LAKE PLACID, N.Y. — The scenario is a familiar one for Mark Recchi.
A higher seed dropping the first two games at home against an upstart Montreal squad? Yep, Recchi's been here before, and he's hoping history repeats itself.
The veteran forward joined Carolina at the trade deadline in 2006 in a deal with Pittsburgh, and he watched as his new club lost the first two games of its opening-round series against seventh-seeded Montreal that spring.
But the Hurricanes clawed back into the series with an overtime win at the Bell Centre in Game 3 and went on to win the next three games as well to take the series 4-2. That was just the start for the Hurricanes, who went on to beat New Jersey, Buffalo and Edmonton to claim the Cup that June.
Now Recchi finds himself in a very similar situation, with the third-seeded Bruins losing their first two games at home before showing some signs of life with a Game 3 victory in Montreal on Monday.
"It was just that the guys believed in each other," Recchi said of Carolina's comeback. "I joined the team with 20 games left and saw how much the guys believed in what they were doing and they stayed with it. They stayed with what they were doing and they believed in it. Cam Ward came in, that was his first game in Game 3 and he kind of ran with it after that.
"There were some differences, but at the same time you see a lot of the same things," Recchi added of the comparison to this year's start to the postseason for the Bruins. "We believe in what we did all year and there's a reasons why we were successful. If you get away from it, you're not going to have any success. We got away from it and we got back to it for the most part the other night [in Game 3], and we're going to have to be even better than that."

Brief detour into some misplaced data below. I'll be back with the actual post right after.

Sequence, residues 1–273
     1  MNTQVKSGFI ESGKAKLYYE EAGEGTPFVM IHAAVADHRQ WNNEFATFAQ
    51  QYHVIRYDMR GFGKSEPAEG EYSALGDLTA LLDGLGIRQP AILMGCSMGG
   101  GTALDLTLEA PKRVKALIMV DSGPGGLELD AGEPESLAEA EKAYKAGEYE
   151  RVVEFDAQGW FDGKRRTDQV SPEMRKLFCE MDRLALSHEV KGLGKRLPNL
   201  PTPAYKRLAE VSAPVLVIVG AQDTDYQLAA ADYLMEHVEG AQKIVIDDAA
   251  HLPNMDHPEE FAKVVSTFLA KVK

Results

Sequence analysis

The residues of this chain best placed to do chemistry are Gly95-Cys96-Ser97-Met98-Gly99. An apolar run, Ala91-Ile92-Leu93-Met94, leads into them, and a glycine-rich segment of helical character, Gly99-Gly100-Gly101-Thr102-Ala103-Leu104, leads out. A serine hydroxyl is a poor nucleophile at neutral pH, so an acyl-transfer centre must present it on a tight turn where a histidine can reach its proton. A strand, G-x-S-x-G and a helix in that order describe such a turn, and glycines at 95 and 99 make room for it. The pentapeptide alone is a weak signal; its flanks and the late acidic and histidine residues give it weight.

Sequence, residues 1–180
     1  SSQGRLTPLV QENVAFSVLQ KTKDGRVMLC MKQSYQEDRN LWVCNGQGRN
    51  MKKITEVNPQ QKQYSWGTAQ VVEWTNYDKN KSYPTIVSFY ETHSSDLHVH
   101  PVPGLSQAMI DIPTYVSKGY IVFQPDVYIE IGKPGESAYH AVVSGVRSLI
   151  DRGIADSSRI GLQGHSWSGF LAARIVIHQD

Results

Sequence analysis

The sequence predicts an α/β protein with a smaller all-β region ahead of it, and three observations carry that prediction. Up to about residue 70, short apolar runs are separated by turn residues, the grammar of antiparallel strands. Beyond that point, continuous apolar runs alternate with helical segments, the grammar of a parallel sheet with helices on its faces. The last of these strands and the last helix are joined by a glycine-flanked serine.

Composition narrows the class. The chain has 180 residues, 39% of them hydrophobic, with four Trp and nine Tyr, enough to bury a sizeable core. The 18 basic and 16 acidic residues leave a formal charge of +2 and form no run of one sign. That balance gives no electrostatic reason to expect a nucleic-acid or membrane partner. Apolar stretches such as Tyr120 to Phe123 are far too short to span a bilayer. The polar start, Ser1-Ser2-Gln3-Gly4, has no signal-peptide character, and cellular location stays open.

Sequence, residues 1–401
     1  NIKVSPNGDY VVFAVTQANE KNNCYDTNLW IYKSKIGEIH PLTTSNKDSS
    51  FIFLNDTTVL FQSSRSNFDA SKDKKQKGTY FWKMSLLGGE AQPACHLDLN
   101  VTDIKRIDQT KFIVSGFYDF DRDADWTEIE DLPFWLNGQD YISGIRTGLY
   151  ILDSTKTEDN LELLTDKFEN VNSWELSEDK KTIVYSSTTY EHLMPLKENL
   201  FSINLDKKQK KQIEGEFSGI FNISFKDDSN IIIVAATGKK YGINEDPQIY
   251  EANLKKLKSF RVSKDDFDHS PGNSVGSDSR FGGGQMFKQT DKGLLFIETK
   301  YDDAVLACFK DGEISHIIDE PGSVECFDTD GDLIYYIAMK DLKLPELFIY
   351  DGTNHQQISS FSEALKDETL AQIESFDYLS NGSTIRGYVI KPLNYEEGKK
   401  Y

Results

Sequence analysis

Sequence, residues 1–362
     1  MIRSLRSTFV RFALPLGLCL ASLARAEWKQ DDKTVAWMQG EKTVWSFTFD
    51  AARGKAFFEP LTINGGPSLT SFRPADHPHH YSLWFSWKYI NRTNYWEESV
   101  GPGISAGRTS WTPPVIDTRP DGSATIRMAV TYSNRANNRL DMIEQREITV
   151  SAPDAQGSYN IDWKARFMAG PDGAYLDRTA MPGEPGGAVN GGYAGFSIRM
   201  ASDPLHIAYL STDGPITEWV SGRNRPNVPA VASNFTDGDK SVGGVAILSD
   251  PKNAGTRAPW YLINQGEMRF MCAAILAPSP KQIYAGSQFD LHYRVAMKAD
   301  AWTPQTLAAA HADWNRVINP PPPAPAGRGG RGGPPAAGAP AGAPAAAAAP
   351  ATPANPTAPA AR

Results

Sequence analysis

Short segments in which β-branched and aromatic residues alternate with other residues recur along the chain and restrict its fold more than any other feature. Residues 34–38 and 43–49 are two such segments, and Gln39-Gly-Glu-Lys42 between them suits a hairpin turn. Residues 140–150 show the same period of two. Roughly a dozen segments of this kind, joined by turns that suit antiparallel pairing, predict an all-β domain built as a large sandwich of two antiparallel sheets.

Recchi stressed that more than any tactical adjustments, it is that commitment to the system in place and to each other that is the key to turning this series around.
"It's all about believing," Recchi said. "Believing in what we've done all year and believing in each other. Trusting what we've done all year and trusting each other. That's what it comes down to. If we didn't trust each other we wouldn't have won Game 3. We believe in each other, and now we have to believe in each other more than ever tomorrow."
With 22 seasons of NHL experience on his hall-of-fame resume, Recchi has been a fountain of wisdom for the younger players on the Bruins roster, and they've happily soaked in all the advice he can dispense.
"They're responsive to what everybody says," Recchi said. "The guys have been great all year about that, whether it's me, or Zee [Zdeno Chara] or coach or anybody. They're very responsive. We have a great group of guys here who care about each other, and now we have to show it. There's no better step than tomorrow to try to get home ice back and then go home and see what we can do from there."